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Disclaimer: my goal is not to use cross-platform frameworks like Unity.

I am currently planning a mobile game which I intend to first launch on iOS. However, I am wondering if it is better to write everything in Objective-C, thus locking the code into the platform, and to do a complete rewrite for other platforms (ie: Android). The other option would be to write the game logic in C or C++ and to only write the code that interfaces with each OS in the preferred language (Objective-C(++) or Java).

I understand that this must depend on the size of the code base, so what program size should mark the separation? Finally, if I write cross-platform code, should I stick to C (since Objective-C is a superset of C, making it easy to use C and to use the code samples and because the NDK and the JNI interfaces are more C oriented)? The only advantage I see with C++ in that case is the fact that it is object-oriented and thus it is easier to represent game entities).

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Unity basic license for Android and iOS is free for a few weeks.. I realize you seem to be against it (assuming cost) but once you write a few apps for a specific platform, you may change your mind. – Chuck D Mar 12 '12 at 3:26
@RubberMallet There are tons of reasons not to use Unity, "assuming cost" is a wild and likely wrong assumption. – o0'. Mar 13 '12 at 13:55
Stating that there are 'tons of reasons' for or against any platform sounds a bit fanatical. I would be interested in knowing what you are thinking of specifically. Any platform is strengths and weaknesses but not everyone has thousands of dollars for pro licenses and such. Unity is a good platform for certain games but obviously it's not for everyone, I realize this but it may be worthwhile unless you want to handle significant plumbing on your own... – Chuck D Mar 13 '12 at 18:05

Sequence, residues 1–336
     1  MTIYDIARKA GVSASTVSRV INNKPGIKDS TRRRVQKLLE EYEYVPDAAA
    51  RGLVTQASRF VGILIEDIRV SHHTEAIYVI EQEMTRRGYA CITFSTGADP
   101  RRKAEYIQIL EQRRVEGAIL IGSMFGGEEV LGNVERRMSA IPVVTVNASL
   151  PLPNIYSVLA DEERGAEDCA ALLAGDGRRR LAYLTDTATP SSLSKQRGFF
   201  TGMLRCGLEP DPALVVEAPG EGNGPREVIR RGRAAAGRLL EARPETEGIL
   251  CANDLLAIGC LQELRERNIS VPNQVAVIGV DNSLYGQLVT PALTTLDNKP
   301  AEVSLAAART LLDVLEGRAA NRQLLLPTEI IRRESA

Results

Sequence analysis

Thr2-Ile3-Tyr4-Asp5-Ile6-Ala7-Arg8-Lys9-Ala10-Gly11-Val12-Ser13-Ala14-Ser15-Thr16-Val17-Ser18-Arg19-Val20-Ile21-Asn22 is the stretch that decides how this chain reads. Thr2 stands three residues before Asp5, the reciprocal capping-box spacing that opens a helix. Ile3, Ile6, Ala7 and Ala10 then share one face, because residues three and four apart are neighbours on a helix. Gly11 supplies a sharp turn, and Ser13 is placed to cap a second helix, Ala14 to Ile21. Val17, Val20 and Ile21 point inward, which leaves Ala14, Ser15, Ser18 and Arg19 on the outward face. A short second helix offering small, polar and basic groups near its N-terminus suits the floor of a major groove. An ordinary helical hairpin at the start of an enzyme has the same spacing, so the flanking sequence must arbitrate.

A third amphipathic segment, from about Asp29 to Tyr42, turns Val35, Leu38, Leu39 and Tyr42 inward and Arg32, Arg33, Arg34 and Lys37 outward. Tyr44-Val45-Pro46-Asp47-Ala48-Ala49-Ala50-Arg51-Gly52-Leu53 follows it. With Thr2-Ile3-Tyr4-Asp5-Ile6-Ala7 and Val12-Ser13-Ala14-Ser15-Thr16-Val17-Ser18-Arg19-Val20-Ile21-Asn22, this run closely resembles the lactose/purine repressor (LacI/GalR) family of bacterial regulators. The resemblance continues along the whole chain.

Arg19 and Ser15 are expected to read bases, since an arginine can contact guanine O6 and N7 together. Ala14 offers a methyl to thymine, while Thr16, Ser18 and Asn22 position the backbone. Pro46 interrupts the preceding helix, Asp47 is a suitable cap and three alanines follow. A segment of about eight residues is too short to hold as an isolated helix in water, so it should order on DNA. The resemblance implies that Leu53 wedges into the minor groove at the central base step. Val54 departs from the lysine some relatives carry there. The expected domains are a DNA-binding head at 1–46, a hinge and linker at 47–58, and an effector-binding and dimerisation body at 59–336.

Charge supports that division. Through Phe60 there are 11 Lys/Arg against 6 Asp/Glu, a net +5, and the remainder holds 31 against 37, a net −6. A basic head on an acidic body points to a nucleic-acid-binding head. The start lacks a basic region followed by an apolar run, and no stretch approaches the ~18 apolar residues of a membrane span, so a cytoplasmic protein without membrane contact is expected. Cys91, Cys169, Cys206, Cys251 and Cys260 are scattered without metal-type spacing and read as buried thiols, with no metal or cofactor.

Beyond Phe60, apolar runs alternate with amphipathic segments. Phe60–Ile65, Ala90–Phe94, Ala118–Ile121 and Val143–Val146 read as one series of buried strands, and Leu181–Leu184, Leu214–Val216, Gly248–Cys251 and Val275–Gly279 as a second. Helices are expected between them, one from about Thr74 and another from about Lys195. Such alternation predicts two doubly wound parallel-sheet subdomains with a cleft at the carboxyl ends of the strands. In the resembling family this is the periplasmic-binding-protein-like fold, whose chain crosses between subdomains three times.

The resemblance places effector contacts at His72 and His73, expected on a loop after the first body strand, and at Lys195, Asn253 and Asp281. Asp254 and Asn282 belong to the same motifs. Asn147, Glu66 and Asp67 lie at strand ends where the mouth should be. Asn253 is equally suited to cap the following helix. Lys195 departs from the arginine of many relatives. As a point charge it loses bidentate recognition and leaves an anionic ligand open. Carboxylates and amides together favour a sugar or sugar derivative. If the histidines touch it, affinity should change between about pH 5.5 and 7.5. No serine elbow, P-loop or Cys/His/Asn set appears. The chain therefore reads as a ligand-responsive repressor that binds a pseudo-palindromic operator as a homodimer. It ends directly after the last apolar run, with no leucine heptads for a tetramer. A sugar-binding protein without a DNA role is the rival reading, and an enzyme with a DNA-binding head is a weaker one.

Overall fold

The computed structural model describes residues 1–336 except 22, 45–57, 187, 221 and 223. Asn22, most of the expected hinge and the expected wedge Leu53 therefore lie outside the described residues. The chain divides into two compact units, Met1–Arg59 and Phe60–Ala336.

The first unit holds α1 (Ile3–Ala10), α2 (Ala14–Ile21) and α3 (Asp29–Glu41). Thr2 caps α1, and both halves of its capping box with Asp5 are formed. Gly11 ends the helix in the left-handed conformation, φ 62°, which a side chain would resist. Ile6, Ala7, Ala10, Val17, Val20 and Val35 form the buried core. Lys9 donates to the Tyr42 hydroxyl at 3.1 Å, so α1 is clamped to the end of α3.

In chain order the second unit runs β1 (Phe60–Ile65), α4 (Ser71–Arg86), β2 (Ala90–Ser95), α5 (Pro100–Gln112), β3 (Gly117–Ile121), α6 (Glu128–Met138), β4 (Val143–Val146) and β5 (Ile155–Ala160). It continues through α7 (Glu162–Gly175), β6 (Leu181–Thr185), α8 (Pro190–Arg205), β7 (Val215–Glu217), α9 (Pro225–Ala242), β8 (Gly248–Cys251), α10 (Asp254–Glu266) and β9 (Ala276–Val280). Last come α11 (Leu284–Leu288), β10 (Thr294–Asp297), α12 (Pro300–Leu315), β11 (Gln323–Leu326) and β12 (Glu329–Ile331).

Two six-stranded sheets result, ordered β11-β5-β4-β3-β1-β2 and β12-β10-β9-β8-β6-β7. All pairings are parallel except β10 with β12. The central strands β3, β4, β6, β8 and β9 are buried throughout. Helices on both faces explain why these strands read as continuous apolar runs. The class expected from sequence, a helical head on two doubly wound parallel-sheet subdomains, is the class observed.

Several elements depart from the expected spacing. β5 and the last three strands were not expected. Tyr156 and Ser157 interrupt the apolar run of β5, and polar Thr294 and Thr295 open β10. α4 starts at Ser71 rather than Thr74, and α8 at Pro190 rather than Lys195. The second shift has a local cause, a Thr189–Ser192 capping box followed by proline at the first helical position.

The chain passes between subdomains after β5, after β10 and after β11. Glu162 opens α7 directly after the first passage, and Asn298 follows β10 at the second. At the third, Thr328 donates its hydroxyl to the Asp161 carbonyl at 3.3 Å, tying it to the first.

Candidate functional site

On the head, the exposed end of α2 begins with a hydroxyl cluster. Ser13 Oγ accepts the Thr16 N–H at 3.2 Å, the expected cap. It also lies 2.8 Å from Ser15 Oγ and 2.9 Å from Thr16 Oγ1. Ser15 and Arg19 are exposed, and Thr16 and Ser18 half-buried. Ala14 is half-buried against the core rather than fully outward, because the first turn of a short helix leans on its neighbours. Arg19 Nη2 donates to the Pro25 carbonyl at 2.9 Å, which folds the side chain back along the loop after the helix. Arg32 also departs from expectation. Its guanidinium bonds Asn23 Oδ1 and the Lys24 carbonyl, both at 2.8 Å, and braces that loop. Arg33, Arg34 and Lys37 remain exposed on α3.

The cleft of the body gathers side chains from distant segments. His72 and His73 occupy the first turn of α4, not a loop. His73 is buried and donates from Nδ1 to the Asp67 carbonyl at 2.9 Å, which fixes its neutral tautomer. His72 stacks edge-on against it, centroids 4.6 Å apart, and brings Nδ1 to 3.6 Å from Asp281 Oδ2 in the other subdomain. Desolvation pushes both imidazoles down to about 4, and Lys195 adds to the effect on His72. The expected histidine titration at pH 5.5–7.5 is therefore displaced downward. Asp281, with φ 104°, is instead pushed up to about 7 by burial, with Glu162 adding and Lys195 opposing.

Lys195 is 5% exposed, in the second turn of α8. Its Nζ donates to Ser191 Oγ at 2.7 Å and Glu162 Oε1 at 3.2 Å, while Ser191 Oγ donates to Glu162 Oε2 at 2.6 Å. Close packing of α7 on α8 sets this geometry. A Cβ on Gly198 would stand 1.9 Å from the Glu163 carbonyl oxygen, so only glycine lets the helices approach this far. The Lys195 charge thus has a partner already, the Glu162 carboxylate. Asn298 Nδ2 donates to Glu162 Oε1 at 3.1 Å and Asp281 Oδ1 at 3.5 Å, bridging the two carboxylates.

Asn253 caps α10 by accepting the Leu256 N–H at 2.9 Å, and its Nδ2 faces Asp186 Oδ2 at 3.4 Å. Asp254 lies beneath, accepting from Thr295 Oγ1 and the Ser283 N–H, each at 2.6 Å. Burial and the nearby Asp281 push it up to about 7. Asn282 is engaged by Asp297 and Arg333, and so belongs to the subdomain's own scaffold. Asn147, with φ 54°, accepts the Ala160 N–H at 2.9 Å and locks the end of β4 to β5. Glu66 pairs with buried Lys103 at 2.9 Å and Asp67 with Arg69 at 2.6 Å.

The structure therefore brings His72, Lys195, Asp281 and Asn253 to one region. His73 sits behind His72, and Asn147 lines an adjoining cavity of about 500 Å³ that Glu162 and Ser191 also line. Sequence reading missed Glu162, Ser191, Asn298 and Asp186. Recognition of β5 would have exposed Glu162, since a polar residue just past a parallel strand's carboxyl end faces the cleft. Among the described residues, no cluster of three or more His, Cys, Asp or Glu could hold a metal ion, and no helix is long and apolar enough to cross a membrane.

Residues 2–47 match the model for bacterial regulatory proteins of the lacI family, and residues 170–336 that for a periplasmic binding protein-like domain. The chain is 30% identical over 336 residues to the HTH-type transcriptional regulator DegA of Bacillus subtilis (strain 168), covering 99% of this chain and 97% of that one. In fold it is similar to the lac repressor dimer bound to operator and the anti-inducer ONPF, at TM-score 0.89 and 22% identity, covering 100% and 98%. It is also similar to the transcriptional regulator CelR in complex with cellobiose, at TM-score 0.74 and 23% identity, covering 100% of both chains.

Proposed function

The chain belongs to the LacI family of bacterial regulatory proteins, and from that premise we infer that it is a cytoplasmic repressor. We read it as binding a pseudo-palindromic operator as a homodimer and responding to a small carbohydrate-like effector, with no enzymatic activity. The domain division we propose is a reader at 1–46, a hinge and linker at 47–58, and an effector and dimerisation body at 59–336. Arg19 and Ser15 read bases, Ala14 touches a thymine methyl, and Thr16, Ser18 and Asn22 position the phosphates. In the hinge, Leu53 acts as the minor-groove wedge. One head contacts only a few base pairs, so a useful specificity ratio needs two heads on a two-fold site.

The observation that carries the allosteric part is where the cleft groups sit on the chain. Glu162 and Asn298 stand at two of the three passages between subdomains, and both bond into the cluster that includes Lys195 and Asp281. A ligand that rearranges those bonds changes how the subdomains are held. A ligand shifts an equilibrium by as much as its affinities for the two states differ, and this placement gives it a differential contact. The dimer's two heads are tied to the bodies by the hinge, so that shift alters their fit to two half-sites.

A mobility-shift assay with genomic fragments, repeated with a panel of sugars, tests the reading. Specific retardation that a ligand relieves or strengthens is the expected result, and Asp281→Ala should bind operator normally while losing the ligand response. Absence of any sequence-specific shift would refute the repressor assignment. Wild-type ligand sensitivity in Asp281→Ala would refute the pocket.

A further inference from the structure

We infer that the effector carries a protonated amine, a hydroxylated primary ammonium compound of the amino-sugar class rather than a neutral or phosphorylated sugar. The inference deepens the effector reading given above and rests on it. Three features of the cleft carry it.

The "worth" of something can only be determined by you. For some people it isn't worth porting to android for the amount of time spent vs. sales.

That being said there's no reason to just use C++ for everything. Sure, the interfaces for certain things is C or Objective-C, but you can call both of those easily from C++.

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To counter the argument at the end of the linked article, I have talked to a handful of mobile developers that all share the same rhetoric, if you are looking to make an income from mobile development you should target iOS. The Android market has proven itself to not be as willing to pay for what the iOS market will. – James Mar 11 '12 at 19:54

I'm into XNA for Xbox360 development, and some of the developers that have written games for Xbox and PC in C# reported that porting to C++ and other platforms wasn't very hard at all.

Full portability is probably not a good idea, as the UI should be tied to the platform. This means you'll probably need to design specific UIs for iPad, iPhone and various Android devices.

The game logic on the other hand, can be written in such a way that it does not reference the OS directly, allowing to share the code among platforms, or at least make it painless to port between languages and platforms.

Finally, it's worth mentioning .net and C#, which are available on PC, Xbox 360, iPhone/iPad (mono touch), Android (mono for android), Windows Phone 7 and PlayStation Vita. That's quite a wide range of platforms.